Design for the other 90%
By Jim Watson, with input from Design for the Other 90%
The Cooper-Hewitt National Design Museum has a show this summer entitled, Design for the Other 90% (you likely guessed that because of that orange title block above). This issue has fascinated me since I was in college in the late 60s - most design, billions of dollars worth, is produced for the top 10% of the planet, for the more well-off and industrialized nations. Some examples: though accounting for only 5 percent of the world's population, Americans consume 26 percent of the world's energy (American Almanac) and produce 25 percent of the carbon dioxide pollution from fossil-fuel burning. Industrialized nations, with 20 percent of the world's population, consume 87 percent of the world's paper (Klaus Toepfer).
Nearly half of the world's population lives on less than $2 a day. There is a huge undeserved population that needs great design - innovative solutions to problems. Problems of food, clean water, education, skills; not problems of gloss or matte paper, which typeface for the annual report, marketing soda to teenagers, etc. Designers are trained to make things better, to address social ills as well as competitive commercialism. Most designers spend their entire career designing new logos, brochures, annual reports, etc. for a highly commercialized and competitive environment. Imagine if designers spent 10% of their time, talent, and resources to help people grow crops more efficiently, to get and keep water that is pure, to harness energy efficiently and cheaply, or to communicate to each other over long distances. Designers, then, truly could and would make a difference.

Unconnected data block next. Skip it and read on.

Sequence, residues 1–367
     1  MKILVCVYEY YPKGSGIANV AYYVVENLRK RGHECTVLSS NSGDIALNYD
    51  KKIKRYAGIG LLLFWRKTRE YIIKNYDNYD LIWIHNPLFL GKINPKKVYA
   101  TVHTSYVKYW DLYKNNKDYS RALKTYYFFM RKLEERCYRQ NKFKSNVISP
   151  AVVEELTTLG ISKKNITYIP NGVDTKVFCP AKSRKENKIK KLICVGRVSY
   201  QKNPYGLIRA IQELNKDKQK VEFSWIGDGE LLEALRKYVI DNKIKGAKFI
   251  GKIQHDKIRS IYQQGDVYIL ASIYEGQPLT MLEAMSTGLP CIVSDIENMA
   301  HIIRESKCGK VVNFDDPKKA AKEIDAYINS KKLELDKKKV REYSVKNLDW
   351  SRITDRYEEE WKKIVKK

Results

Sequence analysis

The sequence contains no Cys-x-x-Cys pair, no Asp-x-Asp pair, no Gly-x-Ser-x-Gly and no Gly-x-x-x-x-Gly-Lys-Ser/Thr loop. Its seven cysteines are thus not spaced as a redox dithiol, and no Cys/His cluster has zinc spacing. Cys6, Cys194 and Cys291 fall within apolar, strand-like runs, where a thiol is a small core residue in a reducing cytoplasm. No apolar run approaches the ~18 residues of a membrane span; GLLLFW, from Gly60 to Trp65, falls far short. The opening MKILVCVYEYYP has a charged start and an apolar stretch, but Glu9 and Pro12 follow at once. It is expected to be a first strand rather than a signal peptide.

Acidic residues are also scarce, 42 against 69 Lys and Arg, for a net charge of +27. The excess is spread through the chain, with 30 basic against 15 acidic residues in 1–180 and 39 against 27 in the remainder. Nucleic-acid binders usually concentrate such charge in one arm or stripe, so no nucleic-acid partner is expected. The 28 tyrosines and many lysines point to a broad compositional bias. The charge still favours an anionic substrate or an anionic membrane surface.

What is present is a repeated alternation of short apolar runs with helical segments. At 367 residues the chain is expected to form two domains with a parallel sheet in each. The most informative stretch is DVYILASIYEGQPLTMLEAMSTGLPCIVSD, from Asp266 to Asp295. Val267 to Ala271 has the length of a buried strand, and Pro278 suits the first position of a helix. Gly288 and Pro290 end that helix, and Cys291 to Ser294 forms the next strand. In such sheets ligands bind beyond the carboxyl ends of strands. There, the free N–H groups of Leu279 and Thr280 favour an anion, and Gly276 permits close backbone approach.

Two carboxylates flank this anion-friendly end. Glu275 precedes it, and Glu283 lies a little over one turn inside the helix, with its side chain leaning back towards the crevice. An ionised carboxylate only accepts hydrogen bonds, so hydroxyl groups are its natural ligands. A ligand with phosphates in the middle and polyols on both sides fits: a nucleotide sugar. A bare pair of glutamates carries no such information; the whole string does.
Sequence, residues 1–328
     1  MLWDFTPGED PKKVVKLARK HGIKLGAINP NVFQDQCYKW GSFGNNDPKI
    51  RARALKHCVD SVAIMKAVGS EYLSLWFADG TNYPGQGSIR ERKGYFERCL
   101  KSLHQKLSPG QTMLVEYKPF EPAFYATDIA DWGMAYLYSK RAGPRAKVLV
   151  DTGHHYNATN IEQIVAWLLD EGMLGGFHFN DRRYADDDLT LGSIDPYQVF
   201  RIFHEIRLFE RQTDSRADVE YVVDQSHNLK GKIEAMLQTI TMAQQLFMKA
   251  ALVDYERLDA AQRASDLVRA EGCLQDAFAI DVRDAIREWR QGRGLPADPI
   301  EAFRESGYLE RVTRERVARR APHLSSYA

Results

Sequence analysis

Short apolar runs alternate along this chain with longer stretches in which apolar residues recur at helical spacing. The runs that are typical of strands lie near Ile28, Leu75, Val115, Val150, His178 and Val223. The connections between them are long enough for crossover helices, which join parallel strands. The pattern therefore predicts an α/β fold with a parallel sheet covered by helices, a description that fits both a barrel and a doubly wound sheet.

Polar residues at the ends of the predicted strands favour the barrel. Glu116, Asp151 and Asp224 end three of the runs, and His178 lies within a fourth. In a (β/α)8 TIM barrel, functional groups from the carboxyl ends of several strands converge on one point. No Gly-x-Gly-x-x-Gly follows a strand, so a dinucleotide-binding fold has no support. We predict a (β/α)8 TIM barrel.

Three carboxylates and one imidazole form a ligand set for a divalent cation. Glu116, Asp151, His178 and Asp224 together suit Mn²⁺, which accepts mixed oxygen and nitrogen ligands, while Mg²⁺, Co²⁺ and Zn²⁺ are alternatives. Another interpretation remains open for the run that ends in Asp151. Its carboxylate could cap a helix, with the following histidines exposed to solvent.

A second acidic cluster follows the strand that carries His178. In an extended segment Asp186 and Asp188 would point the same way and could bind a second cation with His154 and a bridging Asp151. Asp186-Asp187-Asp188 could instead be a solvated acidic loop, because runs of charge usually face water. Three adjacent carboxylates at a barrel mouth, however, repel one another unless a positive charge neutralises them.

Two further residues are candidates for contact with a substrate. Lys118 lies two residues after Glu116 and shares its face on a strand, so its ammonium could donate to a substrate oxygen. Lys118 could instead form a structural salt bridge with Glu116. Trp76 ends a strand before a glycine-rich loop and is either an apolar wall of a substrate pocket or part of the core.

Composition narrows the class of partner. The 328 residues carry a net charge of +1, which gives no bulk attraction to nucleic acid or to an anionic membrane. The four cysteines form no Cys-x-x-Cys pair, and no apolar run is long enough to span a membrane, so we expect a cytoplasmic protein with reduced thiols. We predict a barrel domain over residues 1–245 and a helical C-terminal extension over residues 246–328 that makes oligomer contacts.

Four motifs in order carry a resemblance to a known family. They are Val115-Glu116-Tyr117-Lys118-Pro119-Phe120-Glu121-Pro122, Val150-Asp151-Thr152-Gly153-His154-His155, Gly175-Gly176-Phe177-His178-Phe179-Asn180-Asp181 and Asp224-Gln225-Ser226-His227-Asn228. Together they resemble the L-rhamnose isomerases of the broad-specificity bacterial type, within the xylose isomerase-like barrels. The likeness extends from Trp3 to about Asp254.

A movement is growing both within the professional design community and design schools to direct our practices toward socially responsible, sustainable, humanitarian design. We can better prepare solutions that are simple, cheap, easy to produce and distribute, and meet a direct human need. An early advocate was Victor Papanek. In 1971, he published his ground-breaking book, Design for the Real World: Human Ecology and Social Change in which he indicted the Western consumerist mentality as well as the design community: "the genuine needs of man have often been neglected by the designer."
United Nations Millennium Development Goals
1. Eradicate extreme poverty and hunger
2. Achieve universal primary education
3. Promote gender equality and empower women
4. Reduce child mortality
5. Improve maternal health
6. Combat AIDS, malaria, and other diseases
7. Ensure environmental sustainability
8. Develop a global partnership for development
These goals, announced in 2000, encourage a commitment from wealthy countries to commit resources and from poorer countries to improve policies and governance.
These fotos show a few of the solutions and exhibits in the garden area of the Cooper-Hewitt museum. A bit weird and ironic since this was the backyard of Andrew Carnegie, one of the wealthiest tycoons in America.
Safe straw that filters water as the user drinks from a pool. Kid's merry-go-round that pumps water up to a storage tank.
Pump operated by foot walking action. Gourd-on-head way to transport water, replaced by larger capacity and safer rolling jugs.
Design for the Other 90% from Cooper-Hewitt
Design for the Real World by Victor Papanek